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The Rational Method for Calculation of Peak Storm Water Runoff Rate

Rational Method is used to calculate the peak surface runoff rate for the design of stormwater management structures like storm drains, storm sewers, and stormwater detention facilities. Values for the runoff coefficient, drainage area, time of concentration and design return period are needed.

Introduction

The Rational Method is widely used to estimate the peak surface runoff rate for the design of a variety of drainage structures, such as a length of storm sewer, a stormwater inlet, or a stormwater detention pond. The Rational Method is most suitable for small urban watersheds that don’t have storage such as ponds or swamps. It is best for areas less than 100 acres but is sometimes used for up to 2 mi2areas.

The Rational Method Equation

The equation that is the centerpiece of the Rational Method is q = CiA, where q is the peak surface runoff rate in CFS, from a watershed of the area, A acres, and runoff coefficient, C, due to a storm of intensity, i in/hr. The units on peak runoff rate, q, are actually acre-in/hr, but the conversion from acre-in/hr to CFS is very nearly one, so the more common unit, cfs, is typically used for q. In order to calculate a value for peak runoff rate for a given drainage area, values are needed for the three parameters, A, C, and i. Each of these parameters will be discussed separately in the next three sections.

The Drainage Area, A

The drainage area, A, is often determined from a map which includes the drainage area of interest. It may be necessary to first determine the boundaries of the drainage area using a contour map. Once the boundaries are known, the area can be determined using the map scale. Since the area must be in acres for use in the Rational Method equation, a useful conversion factor is 43,560 ft2/acre. A map with a drainage area outlined is shown at the left.

The Runoff Coefficient, C

The runoff coefficient is the fraction of rainfall striking the drainage area that becomes runoff from that drainage area. It is an empirically ￼determined constant, dependent on the nature of the drainage area surface. An impervious surface like a concrete parking lot will have a runoff coefficient of nearly one. Very tight clay soil will also have a relatively high runoff coefficient, while a sandy soil would have more infiltration and a lower runoff coefficient. In addition to the nature of the surface and the soil, the slope of the drainage area has an effect on the runoff coefficient. A greater slope leads to a higher runoff coefficient. There are many tables of values for runoff coefficient for a variety of types of drainage areas in handbooks, textbooks and on the internet. The table at the right shows some typical ranges of values for runoff coefficient.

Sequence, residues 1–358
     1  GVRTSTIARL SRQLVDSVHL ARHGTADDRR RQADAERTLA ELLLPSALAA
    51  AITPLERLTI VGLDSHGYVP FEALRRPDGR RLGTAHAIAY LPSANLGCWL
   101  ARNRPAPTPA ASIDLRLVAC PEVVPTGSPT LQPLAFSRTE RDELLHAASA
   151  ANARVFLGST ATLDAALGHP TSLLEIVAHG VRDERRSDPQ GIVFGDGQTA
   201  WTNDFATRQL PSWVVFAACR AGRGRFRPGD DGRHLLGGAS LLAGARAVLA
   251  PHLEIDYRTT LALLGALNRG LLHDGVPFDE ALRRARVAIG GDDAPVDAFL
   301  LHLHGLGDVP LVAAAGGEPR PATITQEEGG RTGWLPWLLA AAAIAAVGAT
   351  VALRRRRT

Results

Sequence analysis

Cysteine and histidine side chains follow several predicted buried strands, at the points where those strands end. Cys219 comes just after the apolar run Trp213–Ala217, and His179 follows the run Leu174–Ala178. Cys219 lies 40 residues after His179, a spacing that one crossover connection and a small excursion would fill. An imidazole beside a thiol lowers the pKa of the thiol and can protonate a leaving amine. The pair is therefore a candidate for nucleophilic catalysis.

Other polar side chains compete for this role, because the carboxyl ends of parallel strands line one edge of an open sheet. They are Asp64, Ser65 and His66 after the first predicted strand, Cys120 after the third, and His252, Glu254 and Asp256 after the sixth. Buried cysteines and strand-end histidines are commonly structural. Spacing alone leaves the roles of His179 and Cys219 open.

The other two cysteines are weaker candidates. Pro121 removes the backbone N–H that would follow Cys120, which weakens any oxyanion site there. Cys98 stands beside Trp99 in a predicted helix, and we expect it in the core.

The Design Rainfall Intensity, i

The design rainfall intensity is the intensity of a constantintensity design storm with the specified design return period and duration equal to the time of concentration of the drainage area. Once the design return period and duration are determined, the design rainfall intensity can be determined from an appropriate intensity-duration-frequency graph or equation for the location of the drainage area. As you can see, determining a value for i is the most complicated part of using the Rational Method. The procedure for doing so is covered in a separate article, “Calculating Design Rainfall Intensity for Use in the Rational Method.”

Example Calculation

Consider a section of a downtown business area of 35,400 square feet that drains to a particular storm water inlet. The runoff coefficient for this drainage area has been estimated to be 0.85. Based on a specified design return period and the time of concentration of the drainage area, the design storm intensity has been determined to be 5.1 in/hr. What is the peak runoff rate from this area to be used for the design of the storm water inlet?

Solution: q = CiA = (0.85)(5.1)(35,400/43,560) cfs = 3.52 cfs.